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PEAK Grantmaking

Weekly Reads—September 3, 2021

Enjoy PEAK’s weekly roundup of timely insights from the grantmaking community and beyond.

“Being a proximate leader is about much more than being exposed to or studying a group’s struggles; it’s about actually being a part of that group or being meaningfully guided by that group’s input, ideas, agendas, and assets. […] Leaders who are proximate to the communities and issues they serve have the experience, relationships, data, and knowledge that are essential for developing solutions with measurable and sustainable impact. Proximate leaders also can recognize and leverage assets within communities that are often overlooked or misunderstood when viewed through a dominant culture lens.” [more]
Tulaine Montgomery, New Profit, on Skoll Foundation

“Encouraging equal opportunity to the salary negotiation process doesn’t ensure equal outcomes — it only further legitimizes a system that only continues to perpetuate sexism, racism, ableism, and many other -isms. The only way to ensure pay equity is to change the system. … So, I honestly and humbly propose a policy of non-negotiation. Do not negotiate with any new hires — inform them about your compensation philosophy, your policy of non-negotiation, your reasons for doing so, and the equitable outcomes you are striving for.” [more]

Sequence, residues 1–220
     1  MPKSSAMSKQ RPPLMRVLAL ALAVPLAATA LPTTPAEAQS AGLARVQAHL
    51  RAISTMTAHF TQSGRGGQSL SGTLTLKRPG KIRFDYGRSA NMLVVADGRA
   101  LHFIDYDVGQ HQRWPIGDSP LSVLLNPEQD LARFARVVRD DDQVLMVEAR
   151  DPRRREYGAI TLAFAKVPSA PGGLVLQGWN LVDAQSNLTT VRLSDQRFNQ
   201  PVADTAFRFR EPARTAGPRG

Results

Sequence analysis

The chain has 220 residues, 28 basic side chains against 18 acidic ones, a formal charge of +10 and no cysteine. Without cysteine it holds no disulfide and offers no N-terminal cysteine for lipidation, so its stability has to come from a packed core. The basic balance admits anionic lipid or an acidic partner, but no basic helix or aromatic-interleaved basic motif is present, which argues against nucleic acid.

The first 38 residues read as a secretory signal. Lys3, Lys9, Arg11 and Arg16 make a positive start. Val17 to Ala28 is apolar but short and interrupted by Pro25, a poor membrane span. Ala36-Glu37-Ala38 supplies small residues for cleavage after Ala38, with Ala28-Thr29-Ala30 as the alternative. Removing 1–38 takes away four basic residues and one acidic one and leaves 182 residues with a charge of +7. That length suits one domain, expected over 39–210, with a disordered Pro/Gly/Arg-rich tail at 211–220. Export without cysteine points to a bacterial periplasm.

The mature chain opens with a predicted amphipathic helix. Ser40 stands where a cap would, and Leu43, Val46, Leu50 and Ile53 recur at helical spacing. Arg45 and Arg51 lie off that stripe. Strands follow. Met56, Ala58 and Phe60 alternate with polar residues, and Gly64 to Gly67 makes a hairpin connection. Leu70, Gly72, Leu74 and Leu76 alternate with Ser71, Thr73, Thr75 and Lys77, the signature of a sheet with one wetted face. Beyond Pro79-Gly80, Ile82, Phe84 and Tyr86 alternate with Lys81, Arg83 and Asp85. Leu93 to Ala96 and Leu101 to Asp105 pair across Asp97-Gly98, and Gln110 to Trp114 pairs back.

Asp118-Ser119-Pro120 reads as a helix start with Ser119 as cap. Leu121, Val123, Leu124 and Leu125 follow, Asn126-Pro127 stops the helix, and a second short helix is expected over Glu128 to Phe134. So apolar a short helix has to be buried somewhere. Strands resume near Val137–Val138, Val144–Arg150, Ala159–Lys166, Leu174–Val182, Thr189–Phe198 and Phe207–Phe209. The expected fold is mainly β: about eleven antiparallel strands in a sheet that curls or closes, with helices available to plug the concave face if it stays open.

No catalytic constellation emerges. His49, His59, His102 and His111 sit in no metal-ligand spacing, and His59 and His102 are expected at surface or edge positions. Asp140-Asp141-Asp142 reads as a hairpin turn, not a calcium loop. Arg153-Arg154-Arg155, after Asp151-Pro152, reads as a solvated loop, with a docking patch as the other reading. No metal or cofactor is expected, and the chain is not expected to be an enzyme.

Erika Chen, Consultant and Co-Founder of the Community-Centric Fundraising Movement

“We all have come to realize that we’re not going to make change incrementally. It has to be transformative. So, unleash and catch onto the tail of your radical imagination and let that take you into the future that we need. Fund radical imaginations all across the country for sustainable transformative change.” [more]
Angela Glover Blackwell, PolicyLink, on California Black Freedom Fund

“We’re witnessing a re-imagining of how the philanthropic sphere can approach issues of social and racial justice. Donors of color are leading initiatives to drive change and tackle inequities from the past year, and those efforts are also being more frequently recognized and supported by institutional funders outside of communities of color.” [more]
Una O. Osili, Dean’s Fellow of the Mays Family Institute on Diverse Philanthropy, Lily Family School of Philanthropy